You can't argue that it became apparent in Kim's last movies that the director is always telling stories around similar topics. To him the world simply consists of sadism, masochism and torturing yourself. He seems to be especially well-versed in the latter because in approximately 100 minutes we see the moviemaker hate and feel sorry for himself. Inevitably this and the fact that he remains very honest at all times lead to the viewer sympathizing with him, too. Without that it might have become difficult to bear witness to his self-afflicted torment the whole time. With "Arirang" he also creates something new for the medium film, in a certain way he also reinvents himself, although you have to assume that this is no path Kim will wander in the future as well. He just keeps the camera pointed at himself and reflects about who he is, his life and his work. The answers he gets aren't encoded in any way as in his other works but are clearly evident.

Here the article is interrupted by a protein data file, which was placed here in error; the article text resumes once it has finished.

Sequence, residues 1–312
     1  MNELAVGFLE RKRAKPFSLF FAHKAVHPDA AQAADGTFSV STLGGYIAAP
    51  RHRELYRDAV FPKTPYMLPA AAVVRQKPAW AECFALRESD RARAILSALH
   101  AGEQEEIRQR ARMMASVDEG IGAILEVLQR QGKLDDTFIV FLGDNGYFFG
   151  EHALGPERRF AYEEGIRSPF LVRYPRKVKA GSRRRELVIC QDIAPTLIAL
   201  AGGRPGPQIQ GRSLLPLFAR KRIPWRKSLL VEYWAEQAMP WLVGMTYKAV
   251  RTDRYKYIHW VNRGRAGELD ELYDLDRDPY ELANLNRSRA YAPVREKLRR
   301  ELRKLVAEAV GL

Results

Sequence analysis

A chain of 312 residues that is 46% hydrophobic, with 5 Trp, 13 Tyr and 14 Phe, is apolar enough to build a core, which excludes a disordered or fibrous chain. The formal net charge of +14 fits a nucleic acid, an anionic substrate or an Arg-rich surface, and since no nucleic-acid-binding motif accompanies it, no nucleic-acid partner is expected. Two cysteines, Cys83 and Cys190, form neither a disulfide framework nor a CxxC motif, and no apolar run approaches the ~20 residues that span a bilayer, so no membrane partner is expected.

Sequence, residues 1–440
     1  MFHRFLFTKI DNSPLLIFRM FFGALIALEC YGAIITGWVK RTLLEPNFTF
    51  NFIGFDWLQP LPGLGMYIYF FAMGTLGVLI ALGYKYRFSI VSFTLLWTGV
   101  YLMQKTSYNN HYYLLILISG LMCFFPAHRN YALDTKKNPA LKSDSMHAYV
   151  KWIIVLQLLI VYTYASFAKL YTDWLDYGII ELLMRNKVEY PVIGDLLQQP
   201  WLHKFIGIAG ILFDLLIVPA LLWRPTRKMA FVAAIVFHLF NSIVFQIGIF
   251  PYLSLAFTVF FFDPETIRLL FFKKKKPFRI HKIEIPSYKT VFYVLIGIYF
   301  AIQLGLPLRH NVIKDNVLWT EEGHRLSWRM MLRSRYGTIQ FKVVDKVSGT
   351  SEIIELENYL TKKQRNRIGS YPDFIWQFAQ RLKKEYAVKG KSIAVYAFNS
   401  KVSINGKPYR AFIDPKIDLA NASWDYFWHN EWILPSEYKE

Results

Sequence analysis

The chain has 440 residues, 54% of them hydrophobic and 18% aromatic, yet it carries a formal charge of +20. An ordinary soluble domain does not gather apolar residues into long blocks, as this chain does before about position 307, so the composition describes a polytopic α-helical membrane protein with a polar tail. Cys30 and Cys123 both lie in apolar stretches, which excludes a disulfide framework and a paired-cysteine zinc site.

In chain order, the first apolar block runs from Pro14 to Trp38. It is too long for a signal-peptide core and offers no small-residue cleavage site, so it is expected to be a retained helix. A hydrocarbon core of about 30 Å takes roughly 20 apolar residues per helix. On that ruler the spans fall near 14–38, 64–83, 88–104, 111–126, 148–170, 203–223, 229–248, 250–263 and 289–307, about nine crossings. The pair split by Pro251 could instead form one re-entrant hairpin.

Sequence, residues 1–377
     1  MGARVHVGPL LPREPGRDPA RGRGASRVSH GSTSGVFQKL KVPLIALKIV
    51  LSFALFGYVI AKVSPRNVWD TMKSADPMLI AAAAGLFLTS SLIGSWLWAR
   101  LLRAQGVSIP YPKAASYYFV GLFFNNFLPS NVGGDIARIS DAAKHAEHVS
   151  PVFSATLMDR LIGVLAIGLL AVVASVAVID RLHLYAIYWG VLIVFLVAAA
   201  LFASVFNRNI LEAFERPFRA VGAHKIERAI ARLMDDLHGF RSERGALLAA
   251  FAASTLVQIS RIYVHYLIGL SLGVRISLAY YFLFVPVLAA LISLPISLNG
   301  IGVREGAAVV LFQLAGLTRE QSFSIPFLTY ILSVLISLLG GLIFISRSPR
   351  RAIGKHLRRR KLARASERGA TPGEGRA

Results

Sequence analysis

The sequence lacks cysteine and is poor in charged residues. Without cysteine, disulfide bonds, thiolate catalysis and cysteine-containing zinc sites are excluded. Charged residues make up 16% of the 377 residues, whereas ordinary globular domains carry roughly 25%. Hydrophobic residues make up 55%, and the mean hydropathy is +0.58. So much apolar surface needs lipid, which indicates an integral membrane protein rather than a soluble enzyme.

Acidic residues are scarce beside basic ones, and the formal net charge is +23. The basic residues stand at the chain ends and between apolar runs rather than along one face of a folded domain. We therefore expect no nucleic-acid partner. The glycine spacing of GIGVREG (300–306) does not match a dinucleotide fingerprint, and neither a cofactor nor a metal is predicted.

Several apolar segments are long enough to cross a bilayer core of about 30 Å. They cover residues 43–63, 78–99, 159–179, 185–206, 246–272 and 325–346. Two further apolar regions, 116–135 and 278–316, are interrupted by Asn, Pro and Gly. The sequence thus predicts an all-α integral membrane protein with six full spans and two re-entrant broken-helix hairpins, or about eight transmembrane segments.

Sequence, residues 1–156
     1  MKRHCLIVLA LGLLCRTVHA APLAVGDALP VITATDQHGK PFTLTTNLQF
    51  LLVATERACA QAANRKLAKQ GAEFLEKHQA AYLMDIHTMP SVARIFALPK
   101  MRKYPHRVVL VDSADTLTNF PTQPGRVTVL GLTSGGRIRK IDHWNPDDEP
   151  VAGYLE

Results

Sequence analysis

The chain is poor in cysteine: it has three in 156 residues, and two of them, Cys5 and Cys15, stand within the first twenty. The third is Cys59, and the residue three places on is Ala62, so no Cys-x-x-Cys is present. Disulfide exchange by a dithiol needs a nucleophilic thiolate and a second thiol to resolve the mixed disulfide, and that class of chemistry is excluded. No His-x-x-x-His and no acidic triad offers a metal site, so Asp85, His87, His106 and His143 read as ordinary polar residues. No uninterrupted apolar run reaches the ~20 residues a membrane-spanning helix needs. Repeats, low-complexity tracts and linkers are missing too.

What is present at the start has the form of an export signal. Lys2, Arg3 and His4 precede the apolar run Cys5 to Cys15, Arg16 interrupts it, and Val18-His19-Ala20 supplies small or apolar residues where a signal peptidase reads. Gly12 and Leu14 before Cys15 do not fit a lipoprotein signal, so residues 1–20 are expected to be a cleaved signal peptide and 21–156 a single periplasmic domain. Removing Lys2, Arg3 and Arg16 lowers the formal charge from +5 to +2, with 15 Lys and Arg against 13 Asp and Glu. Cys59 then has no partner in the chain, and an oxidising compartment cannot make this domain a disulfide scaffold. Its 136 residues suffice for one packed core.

Kim Ki-duk would have made it very difficult for the viewer if he had sat in front of a camera and rambled on about his life in a neverending monologue and with lots of tears. Instead he interviews himself, at one time he even has to answer the questions of his shadow, and when under the influence of alcohol he starts to get more sentimental, we just get to see him watch his recording and ask himself: "Why is this idiot crying now?" Kim adds a good amount of self-mockery to the movie and thus proves that the scenes in his former dramas, which actually made you want to laugh out loud because of their oddness but made you wonder if you were allowed to, were in fact not just meant to be taken too serious! Another fascinating thing is seeing Kim watch his own interview while the questioning still continues. Sometimes this bestows an unusually deeply nested structure on "Arirang" that also symbolizes the individual Kim Ki-duk's diverse layers and strips them bare one after another.